• Movements should be slow through a repetition: two to three seconds to lift,
hold for one second, and three to four seconds to return to the starting position.
• Avoid locking the joints in a tightened position.
• Patients should be advised that muscle soreness is normal at first and should
subside in a few weeks. For individuals with painful chronic conditions, muscle
strengthening activities should not exacerbate pain. More gradual incremental
strengthening is advised for patients with chronic pain to maximize tolerance and
their longterm commitment to a strengthening program.
• Muscle strengthening can also be performed at home, using exercise bands,
dumbbells, or homemade weights such as soup cans, water bottles, or empty milk
jugs filled with water or sand.
Flexibility training
• Exercise that lengthens muscles to increase a joint’s capacity to move
through a full range of motion. Stretches can be static (assume
position, hold stretch, then relax); dynamic (fluid motion [e.g., tai
chi]); active (balance while holding stretch, then moving [e.g., yoga]);
or a combination (proprioceptive neuromuscular facilitation).
• The following regimen should be performed two or three times per
week:
• Three or four repetitions for each stretch; rest briefly between
stretches (30 to 60 seconds).
• Hold static stretches 10 to 30 seconds
• Include static and dynamic techniques to stretch all major muscle
groups.
• Hold stretch in a position of mild discomfort.
• Add new stretches to the routine, progress from static poses to
dynamic moves, or reduce reliance on balance support.
Some tips for implementing a
flexibility program for older adults are
as follows:
• Flexibility exercises should be performed twice a week
for at least 10 minutes.
• Stretching is best performed after aerobic or
strengthening activities when the body is warmed up.
• Patients should breathe normally while stretching and
avoid bouncing into a stretch.
• It is best to slowly stretch into the desired position and
hold each stretch for 10 to 30 seconds.
• Patients should feel a slight pull but should not stretch
to the point of pain.
Balance training
• Exercise that helps maintain stability during
daily activities and other exercises, preventing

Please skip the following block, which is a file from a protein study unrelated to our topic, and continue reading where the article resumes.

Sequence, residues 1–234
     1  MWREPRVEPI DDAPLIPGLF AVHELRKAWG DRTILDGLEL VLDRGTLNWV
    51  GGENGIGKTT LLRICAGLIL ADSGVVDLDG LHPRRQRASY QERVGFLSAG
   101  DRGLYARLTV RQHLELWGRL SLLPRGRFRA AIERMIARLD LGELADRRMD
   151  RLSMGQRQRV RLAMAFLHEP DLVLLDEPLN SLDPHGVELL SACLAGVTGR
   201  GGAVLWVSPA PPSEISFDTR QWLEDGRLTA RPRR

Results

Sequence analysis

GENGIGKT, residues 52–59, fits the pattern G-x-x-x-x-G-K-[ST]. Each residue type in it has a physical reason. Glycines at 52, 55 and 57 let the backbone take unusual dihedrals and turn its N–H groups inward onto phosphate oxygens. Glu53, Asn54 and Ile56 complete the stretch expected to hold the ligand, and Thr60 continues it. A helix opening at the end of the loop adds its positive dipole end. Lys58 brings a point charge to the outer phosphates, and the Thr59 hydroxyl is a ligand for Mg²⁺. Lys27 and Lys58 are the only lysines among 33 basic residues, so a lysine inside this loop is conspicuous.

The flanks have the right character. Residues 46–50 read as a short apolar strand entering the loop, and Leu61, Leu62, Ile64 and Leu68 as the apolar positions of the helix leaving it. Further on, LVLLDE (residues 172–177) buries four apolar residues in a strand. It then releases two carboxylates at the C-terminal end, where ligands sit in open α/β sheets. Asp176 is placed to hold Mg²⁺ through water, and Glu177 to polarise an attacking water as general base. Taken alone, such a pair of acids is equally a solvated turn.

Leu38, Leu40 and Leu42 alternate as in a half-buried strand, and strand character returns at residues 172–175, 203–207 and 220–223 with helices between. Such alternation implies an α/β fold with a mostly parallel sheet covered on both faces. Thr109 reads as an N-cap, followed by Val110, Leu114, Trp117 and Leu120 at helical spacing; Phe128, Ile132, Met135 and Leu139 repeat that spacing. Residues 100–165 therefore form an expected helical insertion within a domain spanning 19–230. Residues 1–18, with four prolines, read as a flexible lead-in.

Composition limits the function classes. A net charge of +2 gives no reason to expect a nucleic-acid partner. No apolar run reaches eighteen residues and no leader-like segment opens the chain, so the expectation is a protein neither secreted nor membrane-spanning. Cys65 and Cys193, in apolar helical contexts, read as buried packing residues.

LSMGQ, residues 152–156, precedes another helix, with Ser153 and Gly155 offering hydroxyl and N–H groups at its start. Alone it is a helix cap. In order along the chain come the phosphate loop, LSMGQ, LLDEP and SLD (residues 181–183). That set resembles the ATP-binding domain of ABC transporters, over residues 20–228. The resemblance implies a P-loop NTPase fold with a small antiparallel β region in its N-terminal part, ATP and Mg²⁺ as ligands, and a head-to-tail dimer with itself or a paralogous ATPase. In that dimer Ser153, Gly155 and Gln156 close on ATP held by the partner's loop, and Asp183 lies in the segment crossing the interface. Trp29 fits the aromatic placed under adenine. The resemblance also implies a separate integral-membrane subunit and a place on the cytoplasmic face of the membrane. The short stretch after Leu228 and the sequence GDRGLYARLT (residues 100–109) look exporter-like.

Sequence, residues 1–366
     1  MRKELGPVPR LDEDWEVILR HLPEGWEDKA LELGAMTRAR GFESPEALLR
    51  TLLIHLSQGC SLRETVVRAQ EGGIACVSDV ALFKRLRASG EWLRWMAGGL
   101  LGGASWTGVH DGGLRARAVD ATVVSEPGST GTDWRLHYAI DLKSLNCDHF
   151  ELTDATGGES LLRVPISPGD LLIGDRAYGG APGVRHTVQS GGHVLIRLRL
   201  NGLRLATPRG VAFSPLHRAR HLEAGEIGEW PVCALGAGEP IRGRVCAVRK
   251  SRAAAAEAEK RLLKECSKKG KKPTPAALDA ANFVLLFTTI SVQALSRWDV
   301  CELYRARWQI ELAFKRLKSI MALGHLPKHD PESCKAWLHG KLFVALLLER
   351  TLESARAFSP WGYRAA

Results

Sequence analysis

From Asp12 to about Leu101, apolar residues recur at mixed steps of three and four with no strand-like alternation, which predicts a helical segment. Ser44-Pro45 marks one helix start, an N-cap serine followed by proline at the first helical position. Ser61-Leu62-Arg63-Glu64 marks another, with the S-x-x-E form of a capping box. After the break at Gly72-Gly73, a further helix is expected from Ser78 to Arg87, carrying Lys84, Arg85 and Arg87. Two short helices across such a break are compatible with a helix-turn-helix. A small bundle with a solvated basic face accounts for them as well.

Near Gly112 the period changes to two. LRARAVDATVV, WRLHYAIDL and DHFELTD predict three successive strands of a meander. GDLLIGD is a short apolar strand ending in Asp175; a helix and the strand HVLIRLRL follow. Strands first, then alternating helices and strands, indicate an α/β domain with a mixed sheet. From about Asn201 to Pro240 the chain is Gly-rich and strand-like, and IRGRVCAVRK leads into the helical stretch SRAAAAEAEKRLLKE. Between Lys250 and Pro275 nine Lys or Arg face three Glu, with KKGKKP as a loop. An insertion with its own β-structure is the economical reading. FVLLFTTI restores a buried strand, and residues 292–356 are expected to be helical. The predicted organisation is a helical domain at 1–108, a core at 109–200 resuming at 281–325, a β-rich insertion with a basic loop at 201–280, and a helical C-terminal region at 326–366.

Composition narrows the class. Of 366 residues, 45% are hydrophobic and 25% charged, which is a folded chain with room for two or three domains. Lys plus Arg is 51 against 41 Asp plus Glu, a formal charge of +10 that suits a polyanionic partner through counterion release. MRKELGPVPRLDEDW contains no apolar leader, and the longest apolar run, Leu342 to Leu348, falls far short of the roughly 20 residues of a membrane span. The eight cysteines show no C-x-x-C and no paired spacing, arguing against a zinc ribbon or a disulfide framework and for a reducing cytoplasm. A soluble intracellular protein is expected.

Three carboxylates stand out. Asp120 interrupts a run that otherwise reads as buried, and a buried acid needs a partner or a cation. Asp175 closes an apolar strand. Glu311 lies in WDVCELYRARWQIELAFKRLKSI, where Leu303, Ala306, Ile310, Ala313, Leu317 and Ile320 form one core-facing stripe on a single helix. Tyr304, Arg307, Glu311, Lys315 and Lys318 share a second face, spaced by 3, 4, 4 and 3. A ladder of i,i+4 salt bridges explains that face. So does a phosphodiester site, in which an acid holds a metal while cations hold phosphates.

falls. It can be static (e.g., stand on one leg) or
dynamic (e.g., walk a tightrope), with hand
support as needed
• balance is important to help you perform
many of your daily activities and prevent falls.
Research has shown that tai chi can
significantly reduce the risk of falls among
older people. In tai chi, which is sometimes
called "moving meditation," you work to
improve your balance by moving your body
slowly, gently, and precisely, while breathing
deeply.
Lifestyle Exercise
Use opportunities in a person’s daily routine to increase
energy expenditure (e.g., manually open doors, carry
groceries, use stairs) and substitute active for sedentary
leisure time
1. taking the stairs
2. parking in a space furthest from the door
3. bicycling to work –
4. walking during your lunch
5. walking your dog
6. walking to the train or bus stop
7. raking the leaves
8. vacuuming the house
Rate of Progression
• emphasis is placed first on increasing frequency, second
on increasing duration, and lastly, on increasing
intensity.
• Progression
• Initial Conditioning Phase
– Duration – 4 to 6 weeks
– Goal is to increase frequency
• Improvement Conditioning Phase
– Duration – 4 to 6 months
– Goal is to increase duration and intensity
• Maintenance Conditioning Phase
– Occurs after 6 months of regular exercise
– Goal is to maintain cardiorespiratoy fitness
3 phases during progression:
• The initial conditioning phase lasts approximately 4 to 6
weeks. During this phase, training effects should be
appreciated. These are a decrease in resting heart rate, more
rapid recovery of resting heart rate following physical